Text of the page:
A Fresh Perspective on Parsley (Petroselinum)
Parsley is familiar to us all, maybe too familiar. It has always been the go-to garnish for punching up the color of countless dishes we serve in the kitchen.   It is an herb often perceived as nothing special.  Look again.  Any nutritional research will uncover the fact that parsley leaves are very high in vitamins C and A and in minerals such as iron and calcium.  The leaves can contain up to 20% protein.  Parsley plays a main role in the familiar dish, tabbouleh, a healthy mid-Eastern salad.  But with its ease of cultivation in the Pacific Northwest and its proven health benefits, we should be adding parsley daily to our diets in soups, stews, egg dishes, salads and sauces

Flat or Curly
People who like to cook often have a preference for flat leaf (Italian) parsley. It is said to have a stronger flavor that holds up better to heat.  Yet some argue for curly (French) parsley and its texture is definitely easier to chop.  My own experience is that both varieties are interchangeable and I get bored if I consistently use just one.  I suggest a planting of both varieties.     P. crispum var. crispum “Triple Curled” is a bolt resistant cultivar and P.crispum var. Neapolitanum “Italian” produces large, wide, smooth green leaves.  Several varieties of parsley will be available at the Incredible Edible Sale on May 2nd such as this flat leaf parsley grown in the Multnomah County Chapter Demo Garden. (Photo 1)

Planting and Harvesting
Parsley seeds or starts can be planted after the last freeze date and with soil temperatures at least 50 degrees.  Seeds germinate slowly both indoors or outdoors so if you are impatient, plant starts are a good choice for you.  A second planting is good in early to mid-summer. The spring planting should be in full sun, but if possible, a partial shade environment is good for the summer planting.  If parsley gets too hot, it can bolt earlier, something that I experienced a few summers ago.  To keep parsley productive, cut out seed stalks as they appear and cut the outside stems close to the plant base on a regular basis.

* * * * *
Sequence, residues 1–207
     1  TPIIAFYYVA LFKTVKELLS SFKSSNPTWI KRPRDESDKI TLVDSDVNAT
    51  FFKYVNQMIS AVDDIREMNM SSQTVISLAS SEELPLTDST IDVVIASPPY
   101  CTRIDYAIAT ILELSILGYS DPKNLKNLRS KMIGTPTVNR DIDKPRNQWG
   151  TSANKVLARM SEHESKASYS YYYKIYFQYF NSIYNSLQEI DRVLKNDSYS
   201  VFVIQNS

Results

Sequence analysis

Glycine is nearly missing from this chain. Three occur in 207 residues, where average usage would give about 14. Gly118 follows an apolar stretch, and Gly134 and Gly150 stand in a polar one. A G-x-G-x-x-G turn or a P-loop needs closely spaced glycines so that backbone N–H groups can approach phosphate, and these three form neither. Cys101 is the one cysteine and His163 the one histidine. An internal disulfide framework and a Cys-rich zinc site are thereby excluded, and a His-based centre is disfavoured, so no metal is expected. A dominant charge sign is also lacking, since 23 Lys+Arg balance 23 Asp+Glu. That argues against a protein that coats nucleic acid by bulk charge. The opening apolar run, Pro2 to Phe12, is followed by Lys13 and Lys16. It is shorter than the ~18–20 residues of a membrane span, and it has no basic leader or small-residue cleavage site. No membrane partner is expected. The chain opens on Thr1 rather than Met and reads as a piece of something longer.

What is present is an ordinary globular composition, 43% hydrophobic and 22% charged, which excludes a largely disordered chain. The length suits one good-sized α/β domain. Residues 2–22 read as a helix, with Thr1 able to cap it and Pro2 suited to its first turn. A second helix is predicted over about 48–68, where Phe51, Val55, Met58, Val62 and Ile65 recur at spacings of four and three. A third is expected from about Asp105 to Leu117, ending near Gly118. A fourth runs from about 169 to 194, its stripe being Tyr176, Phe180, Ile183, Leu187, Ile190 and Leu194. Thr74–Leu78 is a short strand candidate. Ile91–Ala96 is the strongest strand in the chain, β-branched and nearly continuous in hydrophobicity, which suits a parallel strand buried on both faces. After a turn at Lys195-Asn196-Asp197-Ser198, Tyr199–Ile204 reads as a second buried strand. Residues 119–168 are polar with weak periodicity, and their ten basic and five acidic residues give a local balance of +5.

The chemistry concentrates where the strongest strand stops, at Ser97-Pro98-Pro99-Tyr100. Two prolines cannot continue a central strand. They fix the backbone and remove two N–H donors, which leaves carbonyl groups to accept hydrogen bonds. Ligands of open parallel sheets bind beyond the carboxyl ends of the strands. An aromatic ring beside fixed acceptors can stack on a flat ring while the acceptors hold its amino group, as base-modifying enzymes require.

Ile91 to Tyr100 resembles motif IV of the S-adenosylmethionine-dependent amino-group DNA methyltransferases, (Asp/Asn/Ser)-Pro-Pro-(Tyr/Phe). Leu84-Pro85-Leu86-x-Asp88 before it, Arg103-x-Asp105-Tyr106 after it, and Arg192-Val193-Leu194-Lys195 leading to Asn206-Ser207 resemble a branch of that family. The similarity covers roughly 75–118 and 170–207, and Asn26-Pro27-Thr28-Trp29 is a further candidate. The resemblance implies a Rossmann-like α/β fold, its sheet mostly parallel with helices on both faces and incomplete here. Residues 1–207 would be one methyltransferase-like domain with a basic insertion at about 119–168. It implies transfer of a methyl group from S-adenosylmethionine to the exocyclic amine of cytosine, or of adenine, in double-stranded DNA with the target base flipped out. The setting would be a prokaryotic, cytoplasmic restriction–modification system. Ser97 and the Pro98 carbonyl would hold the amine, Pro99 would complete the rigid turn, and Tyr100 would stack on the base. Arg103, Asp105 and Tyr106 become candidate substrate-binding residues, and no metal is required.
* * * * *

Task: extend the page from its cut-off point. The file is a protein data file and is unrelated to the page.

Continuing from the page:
A biennial herb
Parsley is one of a few biennial culinary herbs.  Another is caraway.  These herbs take two years to complete their biological lifecycle.  The first year produces vigorous growth of bright green leaves.   In the second summer the parsley plant produces bigger flower stalks that can attract bees.  Once seeds are produced the leaves take on a bitter taste. If pollinated, the flower will produce a seed that can be dried and used in recipes.  Parsley can be harvested throughout our milder Northwest winters. Naturally, the taste is not as bright as other times during the year.  But it brightens MY spirit to be able to go out in the garden, clip a few leaves to chop and sprinkle on marinara sauce and spaghetti just before serving.  If brave but winter weary parsley like the flat leaf and curly plants in my garden (Photo 2) don’t appeal to you, you can place freshly chopped parsley in water in ice cube trays to freeze.  It makes it easy to add to sauces or stews during the winter season. Parsley also can be dried but it will loose a lot of flavor.  It is an herb best used fresh and added to dishes toward the end of the cooking cycle.  Did you know that the stems of flat-leaf parsley are edible and can be used the same as the leaves when chopped fine?